• I e-mailed multiple cousins about their aunt's condition. (I really ought to send them an update.)
  • I was involved with a cousin visit.
  • Because of our family member's impaired state, one of her hearing aids ended up on the floor of her room and was destroyed. This meant contacts with her audiologist, and a trip to the audiologist's office to pick up a new hearing aid and have it synced with her other hearing aid, so I was at the snf twice that day.
  • During this time, a paperwork problem came up for my family member that was totally unrelated to her condition. This involved two calls to an attorney on my part. A call and stop on my husband's part. My sister then had to meet with another attorney, and the two of us ended up going into his office.
  • An out-of-state family member was in town twice this summer. 
  • Two other family members needed medical testing in June, and I was assisting with babysitting and rides for that. (Everything worked out, but it ended up being three consecutive days.)
  • I visited another elderly family member a few times because her primary caregiver was sick.
  • I caught whatever he had and was sick for two days.
  • I've been shopping for both elders.
  • I had to go to urgent care twice this past week for an unattractive skin infection that, thank goodness, isn't in a particularly obvious place. 
  • I had to drive a family member back to Vermont this weekend.
As I mentioned here last month, this kind of thing has been going on in my family, to one degree or another, over and over again, for over ten years.

What Has NOT Been Fragmenting My Attention For Over Ten Years


I bored you with that long list describing how I've been using my time recently to make a point. Notice, please, that nowhere in the above section did you see any of the following:

  • Twitter
  • Facebook
  • Blogging
  • E-mail (Thank you, God, for e-mail for keeping family members up-to-date. Imagine having to contact one person at a time by phone or mail.)
  • Social media, in general
  • The Internet, in general
The kind of family issues I addressed above are not unique to me. They happen to many people in all walks of life.  Add childcare to that for those with children. For writers and other creatives, add day jobs. And, yet, it's the Internet that is so often targeted as destroying our ability to work. Life problems, not so much.

Why The Internet Is So Easy To Blame


Cal Newport is not the only writer to see the Internet as a major player in distraction or work problems. There's been talk of Internet addiction for years. Arianna Huffington writes frequently about our relationship with technology. (She has concerns.) Twitter and Facebook are routinely described as time wasters for writers. For everybody.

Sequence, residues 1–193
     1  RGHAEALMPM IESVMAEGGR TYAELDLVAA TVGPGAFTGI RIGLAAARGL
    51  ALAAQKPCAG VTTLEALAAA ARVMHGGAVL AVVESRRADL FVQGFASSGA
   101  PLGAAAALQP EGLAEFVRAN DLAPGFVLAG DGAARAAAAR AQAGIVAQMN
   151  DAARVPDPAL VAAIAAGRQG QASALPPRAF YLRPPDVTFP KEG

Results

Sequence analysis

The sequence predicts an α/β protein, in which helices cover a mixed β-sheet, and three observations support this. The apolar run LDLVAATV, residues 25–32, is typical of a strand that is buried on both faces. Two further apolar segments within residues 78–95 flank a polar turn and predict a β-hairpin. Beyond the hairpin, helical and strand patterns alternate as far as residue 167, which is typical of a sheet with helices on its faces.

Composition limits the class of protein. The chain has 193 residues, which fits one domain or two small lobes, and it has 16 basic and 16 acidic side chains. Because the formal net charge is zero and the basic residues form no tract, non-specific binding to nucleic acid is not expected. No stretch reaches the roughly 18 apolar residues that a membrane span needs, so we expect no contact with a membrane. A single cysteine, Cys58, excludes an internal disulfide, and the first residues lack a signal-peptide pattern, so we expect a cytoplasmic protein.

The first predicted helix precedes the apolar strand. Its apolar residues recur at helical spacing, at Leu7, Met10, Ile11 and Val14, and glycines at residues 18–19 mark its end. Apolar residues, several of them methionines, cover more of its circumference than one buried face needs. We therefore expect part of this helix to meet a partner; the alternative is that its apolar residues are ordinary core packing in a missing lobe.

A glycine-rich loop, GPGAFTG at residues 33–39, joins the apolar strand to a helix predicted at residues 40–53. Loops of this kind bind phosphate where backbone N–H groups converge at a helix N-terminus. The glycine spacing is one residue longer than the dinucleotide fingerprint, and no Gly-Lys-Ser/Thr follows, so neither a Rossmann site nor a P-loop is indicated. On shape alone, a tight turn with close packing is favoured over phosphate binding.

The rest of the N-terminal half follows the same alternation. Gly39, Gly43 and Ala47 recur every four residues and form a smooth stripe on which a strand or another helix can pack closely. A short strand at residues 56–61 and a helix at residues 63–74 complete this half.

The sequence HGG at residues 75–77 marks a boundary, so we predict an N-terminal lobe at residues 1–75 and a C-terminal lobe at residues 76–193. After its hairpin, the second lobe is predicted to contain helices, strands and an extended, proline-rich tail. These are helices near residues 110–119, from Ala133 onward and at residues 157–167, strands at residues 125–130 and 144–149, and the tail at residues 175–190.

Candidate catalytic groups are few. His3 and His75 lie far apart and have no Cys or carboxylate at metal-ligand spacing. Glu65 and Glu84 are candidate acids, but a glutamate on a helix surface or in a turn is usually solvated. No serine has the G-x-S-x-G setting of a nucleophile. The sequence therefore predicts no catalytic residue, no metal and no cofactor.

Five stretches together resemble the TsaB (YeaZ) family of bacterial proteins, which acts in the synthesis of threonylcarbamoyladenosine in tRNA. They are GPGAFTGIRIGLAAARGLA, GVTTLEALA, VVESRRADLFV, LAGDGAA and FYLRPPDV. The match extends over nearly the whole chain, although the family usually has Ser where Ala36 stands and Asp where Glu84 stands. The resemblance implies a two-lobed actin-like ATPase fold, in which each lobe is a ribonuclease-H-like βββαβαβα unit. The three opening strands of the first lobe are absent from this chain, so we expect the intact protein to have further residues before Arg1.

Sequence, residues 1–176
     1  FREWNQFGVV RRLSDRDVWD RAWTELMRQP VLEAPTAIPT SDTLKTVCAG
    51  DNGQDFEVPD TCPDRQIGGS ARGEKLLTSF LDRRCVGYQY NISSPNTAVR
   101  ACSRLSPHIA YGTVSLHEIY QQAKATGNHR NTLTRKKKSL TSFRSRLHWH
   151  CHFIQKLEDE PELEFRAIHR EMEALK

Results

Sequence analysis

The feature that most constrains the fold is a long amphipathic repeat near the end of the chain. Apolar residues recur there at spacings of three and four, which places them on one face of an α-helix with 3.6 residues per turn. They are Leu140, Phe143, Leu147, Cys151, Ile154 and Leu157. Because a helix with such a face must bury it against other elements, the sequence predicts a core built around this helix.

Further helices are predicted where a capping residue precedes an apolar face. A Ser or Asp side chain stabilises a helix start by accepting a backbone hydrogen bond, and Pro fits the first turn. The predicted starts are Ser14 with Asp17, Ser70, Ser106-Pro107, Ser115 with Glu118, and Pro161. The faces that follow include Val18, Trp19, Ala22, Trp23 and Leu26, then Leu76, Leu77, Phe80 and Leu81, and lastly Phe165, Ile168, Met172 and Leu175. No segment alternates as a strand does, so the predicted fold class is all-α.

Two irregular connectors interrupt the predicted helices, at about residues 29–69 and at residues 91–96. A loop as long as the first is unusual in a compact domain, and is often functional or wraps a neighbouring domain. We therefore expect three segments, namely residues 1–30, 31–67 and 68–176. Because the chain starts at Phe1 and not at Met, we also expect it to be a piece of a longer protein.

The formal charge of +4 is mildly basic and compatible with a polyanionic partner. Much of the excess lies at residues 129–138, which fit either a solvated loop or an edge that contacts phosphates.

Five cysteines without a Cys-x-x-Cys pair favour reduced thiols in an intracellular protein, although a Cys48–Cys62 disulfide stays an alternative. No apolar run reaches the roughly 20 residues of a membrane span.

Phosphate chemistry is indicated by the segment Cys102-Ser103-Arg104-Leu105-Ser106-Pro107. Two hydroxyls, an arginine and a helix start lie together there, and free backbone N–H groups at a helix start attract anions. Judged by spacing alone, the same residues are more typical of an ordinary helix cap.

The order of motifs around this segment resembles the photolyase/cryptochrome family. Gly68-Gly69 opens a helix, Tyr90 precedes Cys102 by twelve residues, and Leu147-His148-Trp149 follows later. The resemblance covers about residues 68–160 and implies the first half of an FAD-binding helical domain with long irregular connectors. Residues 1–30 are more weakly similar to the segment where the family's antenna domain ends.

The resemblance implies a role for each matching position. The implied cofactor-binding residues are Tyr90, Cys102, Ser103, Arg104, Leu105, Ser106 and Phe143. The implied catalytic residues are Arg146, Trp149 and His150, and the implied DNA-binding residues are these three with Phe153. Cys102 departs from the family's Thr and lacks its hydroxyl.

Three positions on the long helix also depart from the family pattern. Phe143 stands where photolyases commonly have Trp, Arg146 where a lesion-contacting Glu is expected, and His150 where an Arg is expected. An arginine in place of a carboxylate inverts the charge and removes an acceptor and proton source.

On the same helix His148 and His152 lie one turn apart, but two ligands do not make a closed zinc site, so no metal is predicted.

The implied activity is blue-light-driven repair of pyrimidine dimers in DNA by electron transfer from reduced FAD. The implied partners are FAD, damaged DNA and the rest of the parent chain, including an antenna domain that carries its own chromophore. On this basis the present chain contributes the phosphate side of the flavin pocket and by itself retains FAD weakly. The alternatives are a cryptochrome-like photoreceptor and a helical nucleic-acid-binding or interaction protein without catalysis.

Material on managing work time while putting out fires all over your family over and over again isn't as easy to find. (Please feel free to prove me wrong with links in the comments.)

I think there's a simple reason for this: A piece of writing on managing time or work that only points out problems and offers no solutions isn't going to be terribly useful or popular. The Internet, however, is a problem with a solution. We can grit our teeth and limit our surfing time during the workday. We can avoid Facebook or leave Twitter. We can schedule when we check or respond to e-mail. But most of us don't have what it takes to grit our teeth and ignore elderly, young, and ill family members.

So Is It Hopeless, Gail?


A dear family member has made it clear that my positive attitude is very possibly my worst trait. So, of course, I don't believe those of us with unending family problems are in a hopeless situation.

I have some ideas I'm toying with while I'm using my little bits of time to write a couple of sentences now and then on my major writing project, continue my Saving the Planet & Stuff promotion, and continue trying to submit. (I got two submissions out the week before last. Then an out-of-state family member arrived. August is another month.)

Here's something interesting I've noticed: Last summer we also had family issues here...a surgery...an elder moving...a baby arriving and landing in the NICU. I ended up not working at all for a while. I haven't had to do that so far this year. I'm not working a lot, but I'm managing to get some things done. I have some thoughts about why that's happening, too.

As always, stay tuned.

Monday, July 23, 2018

Can't Say Enough About Recycling And "Saving the Planet & Stuff"